Up & Atom


The NRC published a draft interim staff guidance (ISG) on June 15, 2023, reemphasizing limitations on the use of funds previously reported to the NRC as providing radiological decommissioning funding assurance (DFA).

In particular, the ISG reiterates the NRC’s position that funds set aside in nuclear decommissioning trusts (NDTs) and reported by licensees under 10 CFR 50.75(f) may be used solely for “decommissioning” expenses as defined in 10 CFR 50.2. The use of funds in NDTs for other purposes, even NRC-regulated activities—such as the disposal of major radioactive components (MRCs) (steam generators, reactor vessel heads etc.)—prior to permanent cessation of operations is prohibited unless a licensee has received an exemption or has established a dedicated NDT subaccount to fund the other purpose. The ISG, which is consistent with the NRC’s general position on the use of NDTs, provides some desirable clarity on what factors NRC will consider exemption requests.

Decommissioning Requirement

The NRC’s regulations in 10 CFR 50.75 require that an NRC licensee provide DFA at all times prior to NRC license termination. Commercial nuclear power reactors have established NDTs to satisfy this requirement. In turn, 10 CFR 50.82(a)(1)(8)(i)(A) limits the withdrawal of funds from an NDT unless they are for “decommissioning activities consistent with the definition of decommissioning” in 10 CFR 50.2. Section 50.2 defines “decommissioning” as “remov[ing] a facility or site safely from service and reduc[ing] residual radioactivity to a level” that permits termination of the NRC license.

In addition, 10 CFR 50.82(a)(1)(8)(ii) limits expenditures of NDT funds to 3% of the generic formula amount in 10 CFR 50.75 (other than administrative costs for the NDT itself) until the licensee has certified the permanent cessation of operations, with 10 CFR 50.82(a)(1)(8)(iii) placing an additional cap of 20% of the generic formula until submittal of a post-shutdown decommissioning activities report. In other words, the licensee is limited from withdrawing funds from the NDT until after permanent cessation of operations and transitioning to the decommissioning process. Operating licensees are required by 10 CFR 50.75(f)(1) to periodically report the amount of funds in the NDT that are relied upon for DFA.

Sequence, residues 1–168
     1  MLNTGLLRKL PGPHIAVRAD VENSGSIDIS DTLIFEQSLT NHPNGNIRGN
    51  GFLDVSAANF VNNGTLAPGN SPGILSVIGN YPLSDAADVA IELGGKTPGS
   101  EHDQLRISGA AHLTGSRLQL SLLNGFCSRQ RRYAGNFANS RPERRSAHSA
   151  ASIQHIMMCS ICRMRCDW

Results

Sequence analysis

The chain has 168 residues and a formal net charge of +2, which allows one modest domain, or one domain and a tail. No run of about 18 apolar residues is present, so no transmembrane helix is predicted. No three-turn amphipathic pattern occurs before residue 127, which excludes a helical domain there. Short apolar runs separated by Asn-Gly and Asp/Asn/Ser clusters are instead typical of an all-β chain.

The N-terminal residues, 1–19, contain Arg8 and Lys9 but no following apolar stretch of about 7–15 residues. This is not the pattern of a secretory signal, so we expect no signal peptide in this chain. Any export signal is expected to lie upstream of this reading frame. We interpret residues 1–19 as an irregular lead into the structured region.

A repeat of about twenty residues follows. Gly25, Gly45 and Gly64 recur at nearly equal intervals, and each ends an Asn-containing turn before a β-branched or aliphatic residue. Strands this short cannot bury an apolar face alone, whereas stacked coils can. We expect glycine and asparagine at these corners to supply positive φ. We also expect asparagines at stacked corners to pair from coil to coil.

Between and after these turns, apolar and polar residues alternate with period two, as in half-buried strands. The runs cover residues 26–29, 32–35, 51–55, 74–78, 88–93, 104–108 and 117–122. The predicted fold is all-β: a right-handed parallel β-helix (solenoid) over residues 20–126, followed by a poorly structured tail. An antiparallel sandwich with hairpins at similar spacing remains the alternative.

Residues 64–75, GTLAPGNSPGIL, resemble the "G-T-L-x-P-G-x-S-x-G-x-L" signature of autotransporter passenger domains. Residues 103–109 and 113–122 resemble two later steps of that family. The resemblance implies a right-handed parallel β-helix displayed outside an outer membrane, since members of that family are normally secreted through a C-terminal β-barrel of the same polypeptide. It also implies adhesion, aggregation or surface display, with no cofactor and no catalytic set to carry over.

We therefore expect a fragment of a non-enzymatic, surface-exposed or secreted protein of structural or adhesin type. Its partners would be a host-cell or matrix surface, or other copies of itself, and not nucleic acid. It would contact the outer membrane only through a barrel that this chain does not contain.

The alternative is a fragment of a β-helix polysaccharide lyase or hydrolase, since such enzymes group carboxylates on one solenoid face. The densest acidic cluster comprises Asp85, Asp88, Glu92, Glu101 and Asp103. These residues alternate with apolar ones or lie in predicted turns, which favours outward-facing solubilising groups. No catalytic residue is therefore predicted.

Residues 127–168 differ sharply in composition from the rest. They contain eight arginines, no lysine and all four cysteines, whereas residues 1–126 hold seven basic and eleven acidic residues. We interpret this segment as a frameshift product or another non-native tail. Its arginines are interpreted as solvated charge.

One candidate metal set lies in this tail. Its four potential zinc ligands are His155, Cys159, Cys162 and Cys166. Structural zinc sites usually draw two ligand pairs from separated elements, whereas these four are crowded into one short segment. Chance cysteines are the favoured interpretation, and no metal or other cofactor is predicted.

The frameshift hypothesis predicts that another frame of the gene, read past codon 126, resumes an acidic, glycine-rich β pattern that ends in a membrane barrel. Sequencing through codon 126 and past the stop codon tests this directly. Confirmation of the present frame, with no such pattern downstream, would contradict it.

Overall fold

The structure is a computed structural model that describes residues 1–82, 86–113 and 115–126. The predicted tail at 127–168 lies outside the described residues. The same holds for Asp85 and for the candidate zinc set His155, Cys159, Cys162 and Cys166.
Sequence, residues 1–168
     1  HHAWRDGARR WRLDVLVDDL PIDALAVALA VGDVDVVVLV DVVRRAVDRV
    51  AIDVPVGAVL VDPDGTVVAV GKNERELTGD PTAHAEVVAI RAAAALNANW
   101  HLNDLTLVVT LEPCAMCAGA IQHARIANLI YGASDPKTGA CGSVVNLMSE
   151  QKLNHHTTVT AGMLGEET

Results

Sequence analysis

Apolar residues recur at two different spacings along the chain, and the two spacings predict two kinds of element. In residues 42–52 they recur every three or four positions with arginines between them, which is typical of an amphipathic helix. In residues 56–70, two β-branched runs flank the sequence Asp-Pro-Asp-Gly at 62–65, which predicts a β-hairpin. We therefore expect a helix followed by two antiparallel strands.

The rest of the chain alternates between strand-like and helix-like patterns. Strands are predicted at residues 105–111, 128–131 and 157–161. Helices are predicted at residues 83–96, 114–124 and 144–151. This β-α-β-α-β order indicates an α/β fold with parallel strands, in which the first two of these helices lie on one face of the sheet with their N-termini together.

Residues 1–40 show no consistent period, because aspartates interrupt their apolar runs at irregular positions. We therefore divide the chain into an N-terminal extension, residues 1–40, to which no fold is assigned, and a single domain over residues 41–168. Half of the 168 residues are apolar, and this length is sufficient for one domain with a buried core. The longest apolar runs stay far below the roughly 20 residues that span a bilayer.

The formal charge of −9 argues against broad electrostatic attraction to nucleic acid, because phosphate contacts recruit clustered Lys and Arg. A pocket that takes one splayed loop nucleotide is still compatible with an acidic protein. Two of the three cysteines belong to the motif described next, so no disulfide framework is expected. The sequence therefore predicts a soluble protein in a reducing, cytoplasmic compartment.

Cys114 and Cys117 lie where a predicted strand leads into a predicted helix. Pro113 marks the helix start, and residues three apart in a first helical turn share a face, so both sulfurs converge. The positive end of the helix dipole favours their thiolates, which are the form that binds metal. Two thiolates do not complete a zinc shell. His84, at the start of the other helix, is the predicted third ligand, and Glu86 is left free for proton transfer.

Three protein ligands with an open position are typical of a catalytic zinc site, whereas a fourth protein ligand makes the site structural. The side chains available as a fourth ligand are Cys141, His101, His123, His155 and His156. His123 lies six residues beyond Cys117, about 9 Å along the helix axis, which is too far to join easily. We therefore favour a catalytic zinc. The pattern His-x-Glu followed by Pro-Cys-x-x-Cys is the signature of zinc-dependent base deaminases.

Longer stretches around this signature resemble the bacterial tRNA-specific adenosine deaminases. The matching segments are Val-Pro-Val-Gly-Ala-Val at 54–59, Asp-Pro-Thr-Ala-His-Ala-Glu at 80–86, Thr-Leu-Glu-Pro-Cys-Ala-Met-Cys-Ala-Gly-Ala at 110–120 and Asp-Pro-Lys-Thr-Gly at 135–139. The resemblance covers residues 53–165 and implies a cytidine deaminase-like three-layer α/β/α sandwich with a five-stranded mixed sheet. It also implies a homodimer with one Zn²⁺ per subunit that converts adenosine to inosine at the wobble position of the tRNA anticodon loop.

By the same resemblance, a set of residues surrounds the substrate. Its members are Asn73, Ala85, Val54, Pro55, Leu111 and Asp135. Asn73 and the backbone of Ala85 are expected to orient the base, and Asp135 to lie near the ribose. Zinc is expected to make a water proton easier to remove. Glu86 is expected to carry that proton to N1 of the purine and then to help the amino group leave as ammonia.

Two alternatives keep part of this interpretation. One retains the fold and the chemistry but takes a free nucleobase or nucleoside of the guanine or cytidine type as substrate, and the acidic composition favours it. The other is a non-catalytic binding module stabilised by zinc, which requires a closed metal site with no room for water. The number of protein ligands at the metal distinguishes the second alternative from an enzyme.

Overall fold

In recent years the NRC has granted a number of exemptions allowing licensees to repurpose NDT funds that had previously been reported as providing for radiological DFA toward irradiated fuel management and site restoration beyond radiological decommissioning. Some of these exemptions were issued at plants that had permanently ceased operations and where the NDT was the main source of operating and maintenance costs.

Licensees requesting the exemptions have been able to demonstrate that there were more than adequate funds in the NDT—well beyond estimates of funds necessary to complete radiological decommissioning—including projected cash flows that demonstrate adequate radiological DFA through license termination even after the repurposing.

Draft ISG

In this vein, the ISG is only the NRC’s most recent pronouncement on the use of NDT funds prior to permanent cessation of operations. Most relevantly, the NRC received a petition for rulemaking in 2019 requesting that 10 CFR 50.75 and 10 CFR 50.82 be revised to allow the use of NDT funds to pay for the disposal of MRCs. These components, which become radioactive during normal plant operations, may need to be replaced during normal plant operations and to extend plant life.